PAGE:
Iconography of Manjushri in Thangka:

Manjushri is seated atop a moon disc lotus seat in a serene and calm expression. The vibrant blue halo illuminates his face, and the peaceful background adds peaceful vibes. His right hand is holding the wisdom sword. He is adorned with Swirling Silken Scarf and other precious jewelry in his body. He holds the lotus where Prajna Paramita is placed on top in his left hand. He is adorned with five jeweled crowns in his head, and the upper half of the hair is tied in a three-tier top knot.

Our Artist has painted this Manjushri thangka in traditional karma gadri style with natural stone color and genuine 24K gold. The iconography displayed in the below picture is evident in understanding to any practitioners.

Iconography of Manjushri
Click to see Enlightenment Hand painted Manjushri Thangka Collection

Manjushri In Nepal

Manjushri not only appears in many of Shakyamuni Buddha's philosophical discourses. He also appears in many myths and stories that date back to Buddha's time and are still widely known today. One of the most well-known stories describes how Manjushri drained the Kathmandu Valley in Nepal, making it fit for human habitation.

Bodhisattva Manjushri, who lives atop China's Five-Peaked Mountain, sat in meditation for many years. He became aware of the Nepal Valley and its pure-water lake. In the lake, Buddha planted the root of a lotus, which grew into an enormous thousand-petaled blossom. The dazzling light, Svayambhu Dharmadhatu-the Self-created Sphere of Ultimate Reality-appeared miraculously on the lotus.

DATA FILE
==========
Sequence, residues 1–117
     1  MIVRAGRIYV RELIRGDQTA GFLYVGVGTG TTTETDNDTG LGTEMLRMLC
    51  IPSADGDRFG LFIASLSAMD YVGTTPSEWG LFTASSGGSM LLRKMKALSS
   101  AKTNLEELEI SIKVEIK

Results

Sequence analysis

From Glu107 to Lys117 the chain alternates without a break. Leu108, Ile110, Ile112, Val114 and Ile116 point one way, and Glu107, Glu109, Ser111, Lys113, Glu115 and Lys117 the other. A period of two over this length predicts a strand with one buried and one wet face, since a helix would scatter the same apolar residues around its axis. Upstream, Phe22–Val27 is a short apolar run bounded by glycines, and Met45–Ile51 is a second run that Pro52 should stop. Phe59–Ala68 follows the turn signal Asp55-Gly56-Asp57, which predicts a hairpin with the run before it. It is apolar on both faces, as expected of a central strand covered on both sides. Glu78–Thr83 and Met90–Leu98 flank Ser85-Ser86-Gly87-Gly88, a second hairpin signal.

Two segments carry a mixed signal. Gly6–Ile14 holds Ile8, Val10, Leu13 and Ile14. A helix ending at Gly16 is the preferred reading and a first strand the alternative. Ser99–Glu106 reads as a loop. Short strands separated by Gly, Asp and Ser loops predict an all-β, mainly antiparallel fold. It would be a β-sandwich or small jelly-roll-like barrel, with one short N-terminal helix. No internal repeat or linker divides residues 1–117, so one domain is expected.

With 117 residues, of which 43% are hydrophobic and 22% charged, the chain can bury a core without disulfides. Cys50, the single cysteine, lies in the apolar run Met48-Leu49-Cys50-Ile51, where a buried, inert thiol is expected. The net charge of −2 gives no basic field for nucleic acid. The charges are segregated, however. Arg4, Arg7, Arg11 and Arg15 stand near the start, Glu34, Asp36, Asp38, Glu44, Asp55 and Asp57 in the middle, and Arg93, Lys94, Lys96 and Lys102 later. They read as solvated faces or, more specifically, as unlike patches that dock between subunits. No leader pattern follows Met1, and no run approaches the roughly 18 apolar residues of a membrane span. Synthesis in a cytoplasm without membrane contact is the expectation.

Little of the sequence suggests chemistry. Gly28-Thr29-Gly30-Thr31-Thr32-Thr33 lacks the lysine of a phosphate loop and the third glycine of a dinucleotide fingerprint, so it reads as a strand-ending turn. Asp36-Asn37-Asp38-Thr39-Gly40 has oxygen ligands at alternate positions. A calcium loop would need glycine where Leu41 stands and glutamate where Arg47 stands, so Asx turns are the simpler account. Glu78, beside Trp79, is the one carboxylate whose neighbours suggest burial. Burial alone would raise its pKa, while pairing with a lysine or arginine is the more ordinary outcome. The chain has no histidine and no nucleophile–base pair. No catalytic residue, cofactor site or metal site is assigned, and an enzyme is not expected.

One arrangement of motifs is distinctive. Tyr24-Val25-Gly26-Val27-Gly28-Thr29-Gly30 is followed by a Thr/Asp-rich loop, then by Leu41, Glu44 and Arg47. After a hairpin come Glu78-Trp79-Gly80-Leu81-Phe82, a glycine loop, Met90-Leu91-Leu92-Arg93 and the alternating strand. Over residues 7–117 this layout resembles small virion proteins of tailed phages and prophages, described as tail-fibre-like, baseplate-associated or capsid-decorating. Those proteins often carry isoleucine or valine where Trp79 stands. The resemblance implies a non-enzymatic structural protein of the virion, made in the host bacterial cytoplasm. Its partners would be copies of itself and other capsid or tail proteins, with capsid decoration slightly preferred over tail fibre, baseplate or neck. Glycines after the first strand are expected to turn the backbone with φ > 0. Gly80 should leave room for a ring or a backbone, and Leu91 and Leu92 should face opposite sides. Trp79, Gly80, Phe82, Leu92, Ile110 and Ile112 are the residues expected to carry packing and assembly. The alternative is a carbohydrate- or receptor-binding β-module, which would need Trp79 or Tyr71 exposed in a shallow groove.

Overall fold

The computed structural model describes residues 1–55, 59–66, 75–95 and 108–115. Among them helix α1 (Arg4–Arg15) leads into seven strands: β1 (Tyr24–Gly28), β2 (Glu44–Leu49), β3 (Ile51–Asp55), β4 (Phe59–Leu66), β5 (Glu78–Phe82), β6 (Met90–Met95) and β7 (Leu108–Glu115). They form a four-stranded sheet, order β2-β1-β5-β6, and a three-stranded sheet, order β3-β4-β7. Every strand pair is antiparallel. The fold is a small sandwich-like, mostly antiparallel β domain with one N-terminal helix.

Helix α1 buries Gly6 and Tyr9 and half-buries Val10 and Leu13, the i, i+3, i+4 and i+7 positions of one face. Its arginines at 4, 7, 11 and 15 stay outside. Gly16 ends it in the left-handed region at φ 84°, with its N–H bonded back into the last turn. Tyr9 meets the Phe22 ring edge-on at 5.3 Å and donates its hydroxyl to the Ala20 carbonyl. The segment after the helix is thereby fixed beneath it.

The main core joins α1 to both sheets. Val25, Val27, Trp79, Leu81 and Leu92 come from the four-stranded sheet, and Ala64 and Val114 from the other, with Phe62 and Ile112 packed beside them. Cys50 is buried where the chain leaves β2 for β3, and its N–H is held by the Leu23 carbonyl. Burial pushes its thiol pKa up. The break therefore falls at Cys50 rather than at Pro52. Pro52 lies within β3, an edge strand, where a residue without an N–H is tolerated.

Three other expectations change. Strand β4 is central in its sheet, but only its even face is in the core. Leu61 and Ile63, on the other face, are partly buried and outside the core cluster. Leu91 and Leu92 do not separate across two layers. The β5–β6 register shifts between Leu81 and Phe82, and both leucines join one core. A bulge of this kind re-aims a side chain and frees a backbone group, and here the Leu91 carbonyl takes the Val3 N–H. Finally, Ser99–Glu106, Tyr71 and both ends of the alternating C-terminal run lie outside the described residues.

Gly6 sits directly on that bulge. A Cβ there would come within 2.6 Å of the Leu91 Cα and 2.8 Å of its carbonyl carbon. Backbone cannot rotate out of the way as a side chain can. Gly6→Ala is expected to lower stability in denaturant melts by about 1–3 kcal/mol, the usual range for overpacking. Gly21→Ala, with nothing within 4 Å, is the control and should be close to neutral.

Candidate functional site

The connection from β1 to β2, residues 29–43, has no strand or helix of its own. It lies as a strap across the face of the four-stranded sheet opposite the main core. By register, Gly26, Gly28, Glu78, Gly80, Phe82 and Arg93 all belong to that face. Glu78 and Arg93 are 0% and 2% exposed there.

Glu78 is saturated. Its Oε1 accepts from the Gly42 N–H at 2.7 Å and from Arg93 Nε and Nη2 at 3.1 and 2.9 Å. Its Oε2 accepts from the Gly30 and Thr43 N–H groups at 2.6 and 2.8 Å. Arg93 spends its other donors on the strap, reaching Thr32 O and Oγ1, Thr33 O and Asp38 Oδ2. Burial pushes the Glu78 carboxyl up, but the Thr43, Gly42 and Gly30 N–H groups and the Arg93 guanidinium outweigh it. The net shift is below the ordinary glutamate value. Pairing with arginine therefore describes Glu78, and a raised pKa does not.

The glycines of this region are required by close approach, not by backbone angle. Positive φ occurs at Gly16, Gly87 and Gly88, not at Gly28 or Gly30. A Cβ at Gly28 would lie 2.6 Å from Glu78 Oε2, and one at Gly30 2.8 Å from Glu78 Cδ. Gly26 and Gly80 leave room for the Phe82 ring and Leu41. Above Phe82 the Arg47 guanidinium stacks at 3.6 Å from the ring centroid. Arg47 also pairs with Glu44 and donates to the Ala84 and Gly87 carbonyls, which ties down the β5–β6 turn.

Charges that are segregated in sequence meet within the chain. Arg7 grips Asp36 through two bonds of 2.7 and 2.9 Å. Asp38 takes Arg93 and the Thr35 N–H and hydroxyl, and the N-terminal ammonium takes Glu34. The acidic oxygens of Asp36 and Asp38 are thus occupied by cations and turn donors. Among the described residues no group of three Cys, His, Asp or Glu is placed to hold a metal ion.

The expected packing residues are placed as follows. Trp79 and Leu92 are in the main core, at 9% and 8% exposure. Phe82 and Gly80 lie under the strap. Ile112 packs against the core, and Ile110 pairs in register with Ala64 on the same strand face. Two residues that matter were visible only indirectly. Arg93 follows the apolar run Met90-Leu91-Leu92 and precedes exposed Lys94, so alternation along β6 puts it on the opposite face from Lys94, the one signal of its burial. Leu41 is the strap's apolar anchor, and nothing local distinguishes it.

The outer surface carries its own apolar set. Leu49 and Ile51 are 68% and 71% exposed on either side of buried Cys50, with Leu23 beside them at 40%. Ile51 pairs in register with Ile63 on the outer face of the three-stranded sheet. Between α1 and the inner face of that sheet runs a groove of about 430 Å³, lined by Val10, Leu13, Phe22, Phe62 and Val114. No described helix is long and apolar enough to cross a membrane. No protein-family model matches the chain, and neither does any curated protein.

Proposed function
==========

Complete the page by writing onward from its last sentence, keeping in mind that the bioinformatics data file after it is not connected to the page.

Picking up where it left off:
Manjushri came into the valley with his Chanda Hasa's sword, which indicates "the Horrible Laugh." He cleft the earth at Turtle Mountain with his strong sword, and the lake's water drains to the south. Diamond Peak appeared as the water drained out of the valley, bearing the lotus and light of Svayambhu. Then, to make amends to Turtle Mountain, he built an Avalokiteshvara shrine.

The miraculous Svayambhu light was then enshrined in a stupa to preserve it for increasingly degenerate future generations. The Svayambhu Stupa is still one of Asia's most important pilgrimage sites. Beginning with Shakyamuni himself, the location has been visited by a succession of outstanding Buddhist masters.

Image of Svayambhu

Image of Swayambhunath Stupa- Kathmandu, Nepal
Source: Wikipedia

Mantra of ManjushriOm Ah Ra Pa Tsa Na Dhi - Meaning and Benefits of the Manjushri Mantra - The  StupaOm A Ra Pa Ca Na Dhih

ༀ་ཨ་ར་པ་ཙ་ན་དྷཱི༔ (In Tibetan)

The Arapacana is a syllabary of forty-two letters named after the first five letters: a, ra, pa, ca, na. Each syllable's importance is defined as follows in the Sutra on Perfect Wisdom:

  • A leads to the realization that all dharmas are unproduced from the beginning (adya-anutpannatvd).
  • RA opens the door to realizing that all dharmas are pure (rajas).
  • PA opens the door to realizing that all dharmas have been fully expressed (paramrtha).
  • CA opens the way to realizing that no dharma decrease (cyavana) or rebirth can be comprehended because all dharmas do not decrease.
  • NA opens the way to realizing that all dharmas' names (i.e., nama) have departed and that the essential nature behind names cannot be gained or lost.